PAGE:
adopted from a shelter is a bargain; many facilities will have already provided
spaying or neutering, initial vaccines, and a microchip for permanent identification.
Plus, shelters and rescue groups are there to offer guidance and assistance as
you acclimate your new family member.
up on supplies before the cat
arrives. Be prepared so your new cat can start
feeling at home right away. Your cat will need a litter box, cat litter, food
and water bowls, food, scratching posts, safe and stimulating toys, a cushy
bed, a brush for grooming, a toothbrush and nail clippers.
your home. A
new cat will quickly teach you not to leave things lying out. Food left on the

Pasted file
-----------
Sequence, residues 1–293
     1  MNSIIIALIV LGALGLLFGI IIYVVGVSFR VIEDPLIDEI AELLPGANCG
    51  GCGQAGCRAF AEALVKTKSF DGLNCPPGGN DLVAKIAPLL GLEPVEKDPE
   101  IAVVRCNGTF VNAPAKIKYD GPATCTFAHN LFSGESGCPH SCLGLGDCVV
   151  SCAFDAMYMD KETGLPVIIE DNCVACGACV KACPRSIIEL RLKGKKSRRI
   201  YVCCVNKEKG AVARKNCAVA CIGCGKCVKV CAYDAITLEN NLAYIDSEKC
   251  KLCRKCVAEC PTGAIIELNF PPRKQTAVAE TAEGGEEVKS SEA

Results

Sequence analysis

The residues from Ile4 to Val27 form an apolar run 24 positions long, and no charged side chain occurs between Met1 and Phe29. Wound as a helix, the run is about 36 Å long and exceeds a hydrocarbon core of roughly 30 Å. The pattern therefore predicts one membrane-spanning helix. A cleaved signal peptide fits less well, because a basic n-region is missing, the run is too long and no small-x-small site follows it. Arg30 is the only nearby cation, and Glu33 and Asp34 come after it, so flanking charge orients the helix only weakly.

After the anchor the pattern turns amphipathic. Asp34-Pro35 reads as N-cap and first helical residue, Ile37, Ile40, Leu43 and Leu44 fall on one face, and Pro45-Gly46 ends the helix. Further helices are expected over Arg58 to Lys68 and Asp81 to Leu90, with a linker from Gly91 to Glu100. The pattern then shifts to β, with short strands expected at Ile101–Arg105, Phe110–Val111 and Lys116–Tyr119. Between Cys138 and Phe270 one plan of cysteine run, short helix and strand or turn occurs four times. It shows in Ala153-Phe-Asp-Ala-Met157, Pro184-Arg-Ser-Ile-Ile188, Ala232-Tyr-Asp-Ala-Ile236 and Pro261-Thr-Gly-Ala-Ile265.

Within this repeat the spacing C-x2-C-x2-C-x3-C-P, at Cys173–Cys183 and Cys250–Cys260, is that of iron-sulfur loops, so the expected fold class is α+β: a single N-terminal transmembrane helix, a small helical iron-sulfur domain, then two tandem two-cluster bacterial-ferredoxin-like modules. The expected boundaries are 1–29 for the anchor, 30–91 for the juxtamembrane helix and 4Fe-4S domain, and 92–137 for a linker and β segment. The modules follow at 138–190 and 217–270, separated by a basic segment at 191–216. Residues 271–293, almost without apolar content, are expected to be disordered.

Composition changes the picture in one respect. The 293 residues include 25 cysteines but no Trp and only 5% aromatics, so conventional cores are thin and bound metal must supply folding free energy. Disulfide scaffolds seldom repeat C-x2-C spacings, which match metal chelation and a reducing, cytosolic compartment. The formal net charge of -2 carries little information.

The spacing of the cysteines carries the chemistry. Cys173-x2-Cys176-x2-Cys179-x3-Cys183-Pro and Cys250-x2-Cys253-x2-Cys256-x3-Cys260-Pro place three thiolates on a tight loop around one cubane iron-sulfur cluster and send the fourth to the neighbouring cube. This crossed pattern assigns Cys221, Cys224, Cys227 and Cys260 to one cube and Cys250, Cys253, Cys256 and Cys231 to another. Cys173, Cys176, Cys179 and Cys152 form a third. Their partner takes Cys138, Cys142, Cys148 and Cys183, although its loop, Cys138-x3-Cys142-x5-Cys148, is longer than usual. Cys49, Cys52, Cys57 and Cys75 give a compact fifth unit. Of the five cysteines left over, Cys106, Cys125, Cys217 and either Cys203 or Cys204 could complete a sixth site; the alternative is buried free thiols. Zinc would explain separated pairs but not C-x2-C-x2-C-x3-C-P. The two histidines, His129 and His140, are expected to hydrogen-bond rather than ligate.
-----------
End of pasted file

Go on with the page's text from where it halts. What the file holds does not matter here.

kitchen counter will serve to teach your new friend to jump on counters for a
possible lunch. Get rid of loose items your cat might chew on, watch to ensure
the kitten isn't chewing on electric cords, and pick up random items like paper
clips (which kittens may swallow).
slowly when introducing your cat to new friends and family. It
can take several weeks for a cat to relax in a new environment. It's a great
idea to keep the new addition secluded in a single room (with a litter box,
food and water, toys and the cat carrier left out and open with bedding inside)
until the cat is used to the new surroundings; this is particularly important
if you have other pets. If you've adopted a kitten, socialization is very
important. But remember - take it slow.
"Cats are social animals and like to live
in groups, so adding a new feline friend to the household can increase
enjoyment for everyone," said Dr. Jane Brunt, CATalyst Council Executive Director.
"Making introductions gradually is important, as scientific studies show that